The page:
Saturday 24 June 2023 - Monocle Minute | Monocle

Saturday. 24/6/2023

Monocle Weekend
Edition: Saturday

In good taste

This week, we note the emergence of camouflage clothes that are made to be seen, recommend some of Vienna’s must-visit summer locations and bid on a coveted baroque artwork. But first, editor in chief Andrew Tuck reveals what makes good cities and why they delight us.

The opener / Andrew Tuck

City living

In the summer of 2007, Monocle published its first Quality of Life Survey – a ranking of the world’s best cities to call home. I am still fond of that issue. The launch magazine had been worked on for months and I sometimes pick it up to remind myself of our original ambitions – to believe in print, be opportunity focused, offer solutions and be wry. Second and third issues (and, as it turns out, fourth) are always tricky; these are when the hard work of winning long-term readers really begins. Issue 05 marked a turning point: a moment where we found our groove. Its sunny cover, including a shot of a young man backflipping into Lake Zürich, showed us in a different light. We were both detailed in our research and joyful in our outlook. And readers got it: the sales chart took an almost alpine ascent.

Now city rankings are not new or revolutionary but we – and I think I should admit that this was mostly Mr Brûlé – saw a need for something different. At the time, most of the rankings seemed to be aimed at expats (will the schools be suitable for young Samantha if you relocate to Singapore) or rather dull people. There was never much talk of nightlife and the chance of getting a glass of wine at 01.00 in a nice bar. And while we can all gather dry data sets, there was little input from people on the ground who could give a richer story and real insight. So not only did we include crime statistics and ambulance response times but we also mixed in the late-opening bar test, looked for places where you could do your grocery shopping on a Sunday, investigated the strength of local media and also how easily you could escape too – was there a good airport? Munich emerged on top in that first year and is still a high-ranking city today, hence why we are returning there for the Monocle Quality of Life Conference in August. And for 2023? In our July-August edition Vienna takes pole position.

Across the years we have added new metrics and asked our researchers and correspondents to dive ever deeper into what’s happening where they are. While medium-sized cities with good civic leadership, mostly cohesive communities and some wealth in their coffers tend to flourish, it’s interesting to see how the list has evolved since 2007. Among the starkest of these changes is the vanishing of North American cities from the mix; there seems to be an almost existential post-pandemic threat to many of the places we first surveyed back then. Now, before furious fingers reach for keyboards, this is not to say that these cities are devoid of quality of life. But do they have a quality of life designed for all? And is there a sense of safety, good housing and education too?

These are some of the issues that trip up London, my hometown. I can’t think of a more dynamic, exciting, diverse, powerful city to live in. I also have a job, home and can get almost everywhere on my bicycle. But the fraying is never far away. This week I noticed that a takeaway food chain near Monocle now has a security guard in a protective vest keeping an eye on the cheese-and-pickle sandwiches – food theft is spiralling in cost-of-living-hit London. At lunch this week a colleague described the almost desperate battle to find somewhere decent to rent. Access to housing and annual rent increases were two key metrics that informed our Quality of Life Survey this year. But to see the cities that have climbed and fallen, just pick up the issue.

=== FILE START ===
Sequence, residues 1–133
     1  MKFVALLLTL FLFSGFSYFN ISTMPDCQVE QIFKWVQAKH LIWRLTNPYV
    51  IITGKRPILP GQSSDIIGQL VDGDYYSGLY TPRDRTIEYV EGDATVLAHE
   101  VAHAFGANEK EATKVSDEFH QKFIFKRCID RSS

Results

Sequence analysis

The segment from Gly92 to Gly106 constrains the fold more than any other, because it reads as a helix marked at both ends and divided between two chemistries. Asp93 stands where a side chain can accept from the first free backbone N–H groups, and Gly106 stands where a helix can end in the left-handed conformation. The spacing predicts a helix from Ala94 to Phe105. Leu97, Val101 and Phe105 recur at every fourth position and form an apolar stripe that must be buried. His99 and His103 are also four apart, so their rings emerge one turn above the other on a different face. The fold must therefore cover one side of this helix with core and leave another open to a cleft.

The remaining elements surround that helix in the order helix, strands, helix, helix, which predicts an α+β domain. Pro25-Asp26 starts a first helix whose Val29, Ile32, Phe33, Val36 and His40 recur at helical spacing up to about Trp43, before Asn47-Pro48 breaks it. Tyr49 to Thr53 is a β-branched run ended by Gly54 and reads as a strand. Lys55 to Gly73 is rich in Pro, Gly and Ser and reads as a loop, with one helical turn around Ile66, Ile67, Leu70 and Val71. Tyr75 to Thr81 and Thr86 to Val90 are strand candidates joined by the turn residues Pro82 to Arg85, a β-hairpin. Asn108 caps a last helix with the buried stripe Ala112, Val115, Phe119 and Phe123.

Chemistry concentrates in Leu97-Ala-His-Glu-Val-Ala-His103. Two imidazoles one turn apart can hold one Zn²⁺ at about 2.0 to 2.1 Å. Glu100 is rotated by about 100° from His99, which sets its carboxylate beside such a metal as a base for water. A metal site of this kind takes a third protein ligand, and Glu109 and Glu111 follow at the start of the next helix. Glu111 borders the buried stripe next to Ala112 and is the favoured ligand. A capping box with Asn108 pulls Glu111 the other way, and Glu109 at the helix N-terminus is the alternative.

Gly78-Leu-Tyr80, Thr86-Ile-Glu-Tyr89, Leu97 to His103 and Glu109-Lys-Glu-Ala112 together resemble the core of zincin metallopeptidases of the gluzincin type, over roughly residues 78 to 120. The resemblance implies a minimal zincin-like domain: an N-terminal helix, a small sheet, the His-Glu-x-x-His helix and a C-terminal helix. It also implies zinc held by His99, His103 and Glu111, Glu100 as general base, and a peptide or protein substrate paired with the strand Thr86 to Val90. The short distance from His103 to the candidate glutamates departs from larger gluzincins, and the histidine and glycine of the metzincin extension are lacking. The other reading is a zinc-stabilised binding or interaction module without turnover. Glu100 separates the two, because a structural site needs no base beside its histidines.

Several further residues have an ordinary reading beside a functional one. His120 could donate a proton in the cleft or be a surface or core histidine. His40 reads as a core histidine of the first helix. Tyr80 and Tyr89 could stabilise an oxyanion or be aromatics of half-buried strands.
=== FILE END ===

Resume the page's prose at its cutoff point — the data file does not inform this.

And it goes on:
My colleague, Josh, gave me a gift: a copy of Nairn’s London by Ian Nairn, published in 1966. Nairn was a celebrated architectural writer who was impassioned and bemused by how London was being rebuilt both physically and socially in these still postwar years. I wonder if there’s any writer who so sharply sees the city, explains it and tries to shake it to its senses now. I have been using the book to see places I know in a different sepia light, reading of cherished buildings now gone. “London burnt in 1940 for the sake of tolerance,” he writes. “And the price was well worth it. It is burning again, but this time only to satisfy developers’ greed, planners’ inadequacy and official stupidity.”

Cities still stir us. How they function and fare can be both maddening and exciting. They force us to be their critics and champions too. But, at their best, they are the greatest of sanctuaries, the places where ideas can be born and shaped at speed, where we mix and muddle, win and lose, and where, you hope, you can get a drink at 01.00.

The Look / ‘Damoflage’

Patterns and pixels

Pharrell Williams’s debut show as Louis Vuitton’s menswear creative director took centre stage this week at Paris Fashion Week’s Menswear show (writes Natalie Theodosi). The heritage brand took over the historic Pont Neuf in front of its headquarters, turning the bridge into a runway covered in a chequerboard pattern. The spectacular views of the city at sunset and the energy of the choir singers were a highlight but the most eye-catching element in Williams’s line-up was a new iteration of the famous Louis Vuitton Damier pattern, dubbed “Damoflage”. The motif – a pixelated camouflage print – made its way onto trench coats, backpacks, smart leather jackets, trunks and plenty more besides. Williams took his bow in a slim suit bearing the pattern (pictured) and many of his famous friends, with early access to his collection, have adopted it too.